piCorePlayer is a software emulation of a Squeezebox network music player that runs exclusively on the Raspberry Pi.
piCorePlayer is designed as a headless music player, much like the Squeezebox Duet. Optionally, a keyboard and monitor or touch screen can be added if desired.
piCorePlayer uses piCore Linux, a very small embedded Linux distribution that runs in RAM. After the initial setup, it only reads the SD card. This gives you a very robust system that, like most embedded systems, is very unlikely to corrupt your SD card.
Squeezelite is a small headless Squeezebox emulator for Linux using ALSA audio output (and other platforms using portaudio).
It is aimed at supporting high quality audio including USB dac based output at multiple sample rates including 44.1/48/88.2/96/176.4/192/352.8/384kHz.
Squeezelite is always included in the piCorePlayer image. Originally developed and released by Adrian Smith. Currently maintained by Ralph Irving. Squeezelite HelpSqueezelite v1.9.7-1237-pCP, Copyright 2012-2015 Adrian Smith, 2015-2020 Ralph Irving. See -t for license terms Usage: squeezelite [options] -s <server>[:<port>] Connect to specified server, otherwise uses autodiscovery to find server -o <output device> Specify output device, default "default", - = output to stdout -l List output devices -a <b>:<p>:<f>:<m> Specify ALSA params to open output device, b = buffer time in ms or size in bytes, p = period count or size in bytes, f sample format (16|24|24_3|32), m = use mmap (0|1) -a <f> Specify sample format (16|24|32) of output file when using -o - to output samples to stdout (interleaved little endian only) -b <stream>:<output> Specify internal Stream and Output buffer sizes in Kbytes -c <codec1>,<codec2> Restrict codecs to those specified, otherwise load all available codecs; known codecs: flac,pcm,mp3,ogg,aac,wma,alac,ops,dsd (mad,mpg for specific mp3 codec) Codecs reported to LMS in order listed, allowing codec priority refinement.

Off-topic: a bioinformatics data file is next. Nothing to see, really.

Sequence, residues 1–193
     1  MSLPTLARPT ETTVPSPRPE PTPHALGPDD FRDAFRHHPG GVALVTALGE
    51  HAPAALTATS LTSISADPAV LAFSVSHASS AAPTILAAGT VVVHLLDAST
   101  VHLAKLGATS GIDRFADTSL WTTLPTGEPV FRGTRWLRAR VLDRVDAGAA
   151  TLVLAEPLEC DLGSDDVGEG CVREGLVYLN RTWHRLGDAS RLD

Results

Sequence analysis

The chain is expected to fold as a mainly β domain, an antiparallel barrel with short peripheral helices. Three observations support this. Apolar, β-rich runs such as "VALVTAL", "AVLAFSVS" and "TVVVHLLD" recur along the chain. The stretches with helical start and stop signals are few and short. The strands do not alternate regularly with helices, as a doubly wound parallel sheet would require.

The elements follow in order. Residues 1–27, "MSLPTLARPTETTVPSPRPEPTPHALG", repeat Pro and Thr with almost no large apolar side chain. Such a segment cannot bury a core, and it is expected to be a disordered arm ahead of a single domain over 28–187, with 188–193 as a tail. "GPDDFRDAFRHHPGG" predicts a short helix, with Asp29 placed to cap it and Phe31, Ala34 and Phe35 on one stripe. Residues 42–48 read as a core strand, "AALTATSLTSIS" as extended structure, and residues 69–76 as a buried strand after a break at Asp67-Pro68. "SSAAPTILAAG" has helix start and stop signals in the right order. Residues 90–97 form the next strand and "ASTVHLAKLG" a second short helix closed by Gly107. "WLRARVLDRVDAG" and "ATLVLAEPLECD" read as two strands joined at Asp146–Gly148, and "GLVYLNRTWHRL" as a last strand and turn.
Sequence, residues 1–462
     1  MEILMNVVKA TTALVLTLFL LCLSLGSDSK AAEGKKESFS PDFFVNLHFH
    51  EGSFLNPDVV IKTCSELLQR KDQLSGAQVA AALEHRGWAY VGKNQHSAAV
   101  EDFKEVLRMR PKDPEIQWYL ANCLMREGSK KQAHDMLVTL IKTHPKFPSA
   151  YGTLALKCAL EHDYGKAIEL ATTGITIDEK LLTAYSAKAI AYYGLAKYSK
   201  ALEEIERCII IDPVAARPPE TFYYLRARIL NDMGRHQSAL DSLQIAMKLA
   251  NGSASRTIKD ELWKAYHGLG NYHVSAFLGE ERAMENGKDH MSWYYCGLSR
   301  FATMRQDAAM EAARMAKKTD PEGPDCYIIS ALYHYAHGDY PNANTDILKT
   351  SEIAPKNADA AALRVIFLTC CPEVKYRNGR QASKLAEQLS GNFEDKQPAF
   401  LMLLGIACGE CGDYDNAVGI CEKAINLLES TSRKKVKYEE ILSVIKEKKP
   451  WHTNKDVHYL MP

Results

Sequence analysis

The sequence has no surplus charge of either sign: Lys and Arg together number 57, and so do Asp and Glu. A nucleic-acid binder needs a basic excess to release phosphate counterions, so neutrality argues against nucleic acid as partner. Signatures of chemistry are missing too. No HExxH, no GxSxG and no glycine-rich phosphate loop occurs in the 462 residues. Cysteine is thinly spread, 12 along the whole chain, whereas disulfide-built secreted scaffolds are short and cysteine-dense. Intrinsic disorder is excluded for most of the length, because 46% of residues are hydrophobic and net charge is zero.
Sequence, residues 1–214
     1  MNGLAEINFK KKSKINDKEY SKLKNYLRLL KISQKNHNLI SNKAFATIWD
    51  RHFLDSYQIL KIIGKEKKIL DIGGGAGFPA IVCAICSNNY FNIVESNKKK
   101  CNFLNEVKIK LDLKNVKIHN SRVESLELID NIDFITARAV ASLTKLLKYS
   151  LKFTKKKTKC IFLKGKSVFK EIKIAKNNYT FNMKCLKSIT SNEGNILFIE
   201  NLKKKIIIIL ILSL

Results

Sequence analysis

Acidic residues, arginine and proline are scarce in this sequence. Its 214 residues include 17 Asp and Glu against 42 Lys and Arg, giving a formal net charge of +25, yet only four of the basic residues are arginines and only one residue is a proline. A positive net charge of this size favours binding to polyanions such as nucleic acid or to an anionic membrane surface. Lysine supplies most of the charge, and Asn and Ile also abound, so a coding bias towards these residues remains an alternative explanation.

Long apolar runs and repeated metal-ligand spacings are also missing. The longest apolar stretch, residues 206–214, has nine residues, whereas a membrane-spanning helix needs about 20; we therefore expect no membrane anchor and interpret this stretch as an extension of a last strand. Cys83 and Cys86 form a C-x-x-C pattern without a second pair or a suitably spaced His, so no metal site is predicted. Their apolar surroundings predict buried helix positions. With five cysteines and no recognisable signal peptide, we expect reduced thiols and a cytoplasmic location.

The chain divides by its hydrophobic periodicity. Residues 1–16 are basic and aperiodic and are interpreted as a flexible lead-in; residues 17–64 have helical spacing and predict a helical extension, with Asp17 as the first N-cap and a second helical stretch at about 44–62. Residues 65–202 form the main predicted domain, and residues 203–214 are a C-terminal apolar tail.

Logitech Media Server (LMS) is the server software that powers networked audio players from Logitech including Squeezebox, Radio, Boom, Receiver, Transporter and various third party hardware devices that use Squeezelite or Squeezeplay.
Logitech Media Server (LMS) is Open Source Software written in Perl and it runs on pretty much any platform that Perl runs on, including Linux, Mac OSX, Solaris and Windows.
Logitech Media Server (LMS) was previously known as Squeezebox Server, SqueezeCentre and SlimServer.
Jivelite is a cut down Squeezebox control application derived from Logitech’s Squeezebox Jive.
Originally developed and released by Adrian Smith. Currently maintained by Ralph Irving. piCorePlayer fully supports Jivelite on the Raspberry Pi’s Official 7" Touch Display.
InstallationJivelite can be installed on piCorePlayer via the [Tweaks] page on the piCorePlayer web interface.
Jivelite [Settings] > [piCorePlayer] screen
More information Announce: JiveLite - cut down squeezebox control application - Triode Jivelite for piCorePlayer - Ralph Irving Latest Jivelite - Ralph Irving - github Jivelite for piCorePlayer - Ralph Irving - github
The Raspberry Pi is a small and relatively cheap SBC (single board computer). First introduced in 2012, the range has regularly expanded, resulting in many models and options being available. The Raspberry Pi has proven to be very successful, selling millions every year.